Good luck!
    Michelle
     
  3. Sheila

    Sheila Moderator

    The evaluation process via the school district is a multidisciplinary evaluation. The school district is required to evaluate in all suspected areas of disability.

    From: http://idea.ed.gov/explore/view/p/%2Croot%2Cregs%2C300%2CD%2C300%252E304%2C

    "Regulations: Part 300 / D / 300.304

    Sec. 300.304 Evaluation procedures....

    (4) The child is assessed in all areas related to the suspected disability, including, if appropriate, health, vision, hearing, social and emotional status, general intelligence, academic performance, communicative status, and motor abilities;...

    (6) In evaluating each child with a disability under Sec. 300.304 through 300.306, the evaluation is sufficiently comprehensive to identify all of the child's special education and related services needs, whether or not commonly linked to the disability category in which the child has been classified...."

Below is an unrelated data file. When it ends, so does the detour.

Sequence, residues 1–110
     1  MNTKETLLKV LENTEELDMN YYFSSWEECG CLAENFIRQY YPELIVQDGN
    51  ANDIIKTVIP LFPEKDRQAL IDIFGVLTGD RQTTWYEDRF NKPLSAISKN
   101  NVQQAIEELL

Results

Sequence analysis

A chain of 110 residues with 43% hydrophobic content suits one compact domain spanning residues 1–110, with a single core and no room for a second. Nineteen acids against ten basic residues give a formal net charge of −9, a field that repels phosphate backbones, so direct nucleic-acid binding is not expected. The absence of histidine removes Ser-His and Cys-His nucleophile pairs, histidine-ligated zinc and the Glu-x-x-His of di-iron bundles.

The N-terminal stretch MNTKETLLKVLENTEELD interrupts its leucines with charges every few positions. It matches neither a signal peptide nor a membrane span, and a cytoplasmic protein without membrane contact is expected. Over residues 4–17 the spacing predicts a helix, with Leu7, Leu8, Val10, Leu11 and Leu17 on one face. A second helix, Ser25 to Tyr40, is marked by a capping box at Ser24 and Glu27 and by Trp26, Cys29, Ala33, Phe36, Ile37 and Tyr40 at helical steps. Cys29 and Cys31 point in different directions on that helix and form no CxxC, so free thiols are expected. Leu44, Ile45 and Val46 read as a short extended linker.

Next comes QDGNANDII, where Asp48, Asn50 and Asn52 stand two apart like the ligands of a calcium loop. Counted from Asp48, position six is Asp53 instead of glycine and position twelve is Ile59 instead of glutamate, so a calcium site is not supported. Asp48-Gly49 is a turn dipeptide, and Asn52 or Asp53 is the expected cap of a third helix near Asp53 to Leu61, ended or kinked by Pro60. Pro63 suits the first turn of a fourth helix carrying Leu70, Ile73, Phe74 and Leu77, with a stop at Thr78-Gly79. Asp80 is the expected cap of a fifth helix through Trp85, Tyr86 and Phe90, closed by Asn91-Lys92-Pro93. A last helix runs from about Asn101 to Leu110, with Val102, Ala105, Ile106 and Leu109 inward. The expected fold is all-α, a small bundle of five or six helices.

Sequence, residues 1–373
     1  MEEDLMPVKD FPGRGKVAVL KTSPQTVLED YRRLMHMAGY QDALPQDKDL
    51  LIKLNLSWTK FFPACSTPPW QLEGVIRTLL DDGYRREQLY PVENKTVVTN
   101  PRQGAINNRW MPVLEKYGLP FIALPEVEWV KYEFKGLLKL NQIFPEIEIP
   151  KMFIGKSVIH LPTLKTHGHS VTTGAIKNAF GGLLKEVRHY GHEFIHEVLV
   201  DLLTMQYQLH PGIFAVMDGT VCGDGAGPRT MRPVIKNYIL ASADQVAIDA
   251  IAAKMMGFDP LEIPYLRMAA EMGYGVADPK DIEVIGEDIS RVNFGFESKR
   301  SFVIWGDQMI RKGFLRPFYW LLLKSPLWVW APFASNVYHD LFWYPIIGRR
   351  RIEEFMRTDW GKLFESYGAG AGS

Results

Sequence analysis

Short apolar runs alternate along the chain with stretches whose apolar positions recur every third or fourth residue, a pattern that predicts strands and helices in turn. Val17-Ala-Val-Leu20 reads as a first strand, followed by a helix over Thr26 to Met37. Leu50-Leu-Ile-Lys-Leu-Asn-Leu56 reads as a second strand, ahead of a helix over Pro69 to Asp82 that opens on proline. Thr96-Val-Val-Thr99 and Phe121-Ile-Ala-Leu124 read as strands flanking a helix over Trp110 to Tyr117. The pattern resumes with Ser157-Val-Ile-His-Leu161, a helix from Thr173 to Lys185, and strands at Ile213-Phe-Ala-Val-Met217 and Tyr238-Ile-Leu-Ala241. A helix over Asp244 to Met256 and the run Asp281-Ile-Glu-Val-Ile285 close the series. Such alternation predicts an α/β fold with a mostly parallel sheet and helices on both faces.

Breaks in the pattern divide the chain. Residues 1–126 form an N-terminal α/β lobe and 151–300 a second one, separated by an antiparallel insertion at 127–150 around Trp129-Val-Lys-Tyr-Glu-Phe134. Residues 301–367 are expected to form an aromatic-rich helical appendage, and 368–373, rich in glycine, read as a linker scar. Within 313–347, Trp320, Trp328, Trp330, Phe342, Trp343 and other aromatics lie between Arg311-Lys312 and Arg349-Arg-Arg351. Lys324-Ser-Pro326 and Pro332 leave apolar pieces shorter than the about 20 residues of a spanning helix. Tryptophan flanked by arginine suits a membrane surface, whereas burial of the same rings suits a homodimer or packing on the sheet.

This means different things for different students and the key term here is "suspected." If the school district doesn't "suspect" an area of disability, they do not evaluate in that area. For instance, say, a child has ADHD but the school district doesn't "suspect" it. They would not be required to evaluate for ADHD specifically.

    Unless your state law says differently, the school district has 60 days to perform the evaluation.

    There's a "getting started" thread in the Special Education Archives that you'll find helpful. Read it, and post any additional questions you may have and we'll help if we can.
     
  4. Martie

    Martie Moderator

    Like IEPs, evaluations should not be "one size fits all." As Sheila pointed out, the law sets minimum standards, but sometimes one area should receive more emphasis than another for a given child.